Preparing a special issue on such a technical issue as the Eastern Partnership is always a challenge from the editorial point of view. The European Union’s policy towards the East is one that is never easily explained nor well understood among Europeans and their Eastern neighbours alike. As James Nixey points out in his essay, less than one per cent of Europeans has ever even heard of it. Certainly readers of this magazine have a good sense of what the Eastern Partnership is and how much has it changed (or not) in this region since it was launched in 2009. And that is why the milestone of the Eastern Partnership turning ten should be an opportunity to not only celebrate but also reflect on what has been achieved and how this policy can be shaped for the future. As you will read in the following pages, our authors have very different views of the Eastern Partnership. Arguably, however, they all agree that there is still plenty of work to do if the Eastern Partnership is to truly transform Eastern Europe.
Another transformative event that we are recognising in this issue is the 30-year anniversary of the fall of communism in Central Europe, specifically in Poland, Czechoslovakia, Hungary, Romania, Bulgaria and East Germany. Our authors look at whether the promises of the transformation have been fulfilled for the societies that dreamed of a new future, what the memory of the year 1989 means today and, in some ways, why it generates social divisions. We recognise that these two anniversaries – together with the anniversaries of NATO and EU membership, 15 and 20 respectively – are a part of the wider context of a changing Europe in a changing world.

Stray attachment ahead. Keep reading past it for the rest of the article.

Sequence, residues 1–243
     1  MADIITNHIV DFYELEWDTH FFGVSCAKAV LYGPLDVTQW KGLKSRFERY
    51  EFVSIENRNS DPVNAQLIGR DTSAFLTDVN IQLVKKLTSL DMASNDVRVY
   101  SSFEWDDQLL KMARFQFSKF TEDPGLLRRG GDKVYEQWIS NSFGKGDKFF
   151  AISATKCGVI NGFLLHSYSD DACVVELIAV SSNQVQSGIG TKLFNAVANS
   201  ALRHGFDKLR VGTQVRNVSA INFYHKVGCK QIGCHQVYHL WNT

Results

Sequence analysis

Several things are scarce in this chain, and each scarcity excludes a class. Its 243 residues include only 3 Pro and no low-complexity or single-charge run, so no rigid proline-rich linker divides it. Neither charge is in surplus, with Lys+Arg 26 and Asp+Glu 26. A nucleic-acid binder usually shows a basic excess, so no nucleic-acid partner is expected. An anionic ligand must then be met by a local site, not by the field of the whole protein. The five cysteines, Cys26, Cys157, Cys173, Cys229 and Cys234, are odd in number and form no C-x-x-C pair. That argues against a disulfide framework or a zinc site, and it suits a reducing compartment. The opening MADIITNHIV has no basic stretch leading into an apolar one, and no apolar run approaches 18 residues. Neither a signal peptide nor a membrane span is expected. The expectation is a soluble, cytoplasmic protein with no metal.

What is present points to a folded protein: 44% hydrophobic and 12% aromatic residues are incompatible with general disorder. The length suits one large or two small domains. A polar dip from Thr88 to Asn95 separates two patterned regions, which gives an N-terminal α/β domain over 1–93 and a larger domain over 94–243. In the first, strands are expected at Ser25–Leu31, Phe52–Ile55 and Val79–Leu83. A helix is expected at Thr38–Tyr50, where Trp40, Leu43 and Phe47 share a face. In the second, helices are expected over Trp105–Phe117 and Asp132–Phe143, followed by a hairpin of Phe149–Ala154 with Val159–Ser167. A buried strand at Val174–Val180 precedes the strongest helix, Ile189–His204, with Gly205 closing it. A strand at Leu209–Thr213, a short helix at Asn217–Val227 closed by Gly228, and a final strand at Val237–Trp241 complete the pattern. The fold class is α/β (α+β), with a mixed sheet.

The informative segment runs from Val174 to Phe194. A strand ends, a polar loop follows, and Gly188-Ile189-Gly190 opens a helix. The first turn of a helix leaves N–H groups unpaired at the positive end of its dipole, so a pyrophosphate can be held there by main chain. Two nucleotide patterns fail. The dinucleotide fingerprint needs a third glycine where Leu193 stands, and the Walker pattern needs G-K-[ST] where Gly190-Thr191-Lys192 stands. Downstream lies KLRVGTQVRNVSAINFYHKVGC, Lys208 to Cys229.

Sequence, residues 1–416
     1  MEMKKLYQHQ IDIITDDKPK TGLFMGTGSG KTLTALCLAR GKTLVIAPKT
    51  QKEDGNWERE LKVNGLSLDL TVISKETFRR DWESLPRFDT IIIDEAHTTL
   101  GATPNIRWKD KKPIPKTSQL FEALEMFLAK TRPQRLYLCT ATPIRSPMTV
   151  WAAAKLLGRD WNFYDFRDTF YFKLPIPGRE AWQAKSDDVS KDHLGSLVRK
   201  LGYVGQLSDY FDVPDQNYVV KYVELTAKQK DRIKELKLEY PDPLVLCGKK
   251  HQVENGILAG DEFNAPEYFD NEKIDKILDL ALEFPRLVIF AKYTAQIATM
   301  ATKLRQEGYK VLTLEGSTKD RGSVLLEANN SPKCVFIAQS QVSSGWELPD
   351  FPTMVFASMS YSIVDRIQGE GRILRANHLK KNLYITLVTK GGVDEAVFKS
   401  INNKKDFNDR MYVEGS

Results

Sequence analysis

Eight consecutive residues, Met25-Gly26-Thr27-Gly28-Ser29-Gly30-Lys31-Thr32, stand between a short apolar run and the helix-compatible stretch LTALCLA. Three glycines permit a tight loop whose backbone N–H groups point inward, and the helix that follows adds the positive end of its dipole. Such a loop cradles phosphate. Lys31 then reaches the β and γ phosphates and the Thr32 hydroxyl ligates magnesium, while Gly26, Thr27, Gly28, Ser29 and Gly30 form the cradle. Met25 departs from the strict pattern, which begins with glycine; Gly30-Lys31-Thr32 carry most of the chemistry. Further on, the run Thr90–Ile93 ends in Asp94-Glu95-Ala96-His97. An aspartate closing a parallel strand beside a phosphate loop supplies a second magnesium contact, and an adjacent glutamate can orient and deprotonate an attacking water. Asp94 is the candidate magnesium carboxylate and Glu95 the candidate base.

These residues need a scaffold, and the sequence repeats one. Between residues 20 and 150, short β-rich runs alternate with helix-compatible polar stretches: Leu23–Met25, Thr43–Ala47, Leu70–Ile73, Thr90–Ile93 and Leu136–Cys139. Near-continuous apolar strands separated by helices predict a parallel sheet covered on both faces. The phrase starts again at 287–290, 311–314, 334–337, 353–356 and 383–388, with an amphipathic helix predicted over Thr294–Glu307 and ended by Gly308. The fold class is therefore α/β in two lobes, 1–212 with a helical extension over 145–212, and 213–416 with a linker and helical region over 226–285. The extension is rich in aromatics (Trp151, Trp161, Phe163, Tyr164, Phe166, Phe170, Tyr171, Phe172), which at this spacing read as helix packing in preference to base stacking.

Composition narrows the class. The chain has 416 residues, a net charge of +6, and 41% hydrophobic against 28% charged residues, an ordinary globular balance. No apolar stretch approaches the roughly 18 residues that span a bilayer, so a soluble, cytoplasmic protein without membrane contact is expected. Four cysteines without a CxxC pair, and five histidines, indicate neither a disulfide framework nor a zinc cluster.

In the end, these anniversaries encourage us to look back and answer the question as to what have we learnt over these last 10, 20 or 30 years and how these lessons can help us shape this region by not repeating the same mistakes in order to deliver a better future for the next generation.
New Eastern Europe is a new bi-monthly magazine dedicated to Central and Eastern European affairs. The magazine is the sister edition of the Polish version Nowa Europa Wschodnia, which has been on the Polish market since 2008. Countries in particular focus in New Eastern Europe include Russia, Ukraine, Belarus, Moldova, as well the Caucasus region - Georgia, Armenia, Azerbaijan, Chechnya, etc.
Articles in New Eastern Europe focus on a wide range of social, political and cultural issues facing this region. The journal includes original opinion and analytical texts; historical accounts; reports from correspondents in the countries with full colour photos; and reviews of books, music and film about and emerging from Eastern Europe.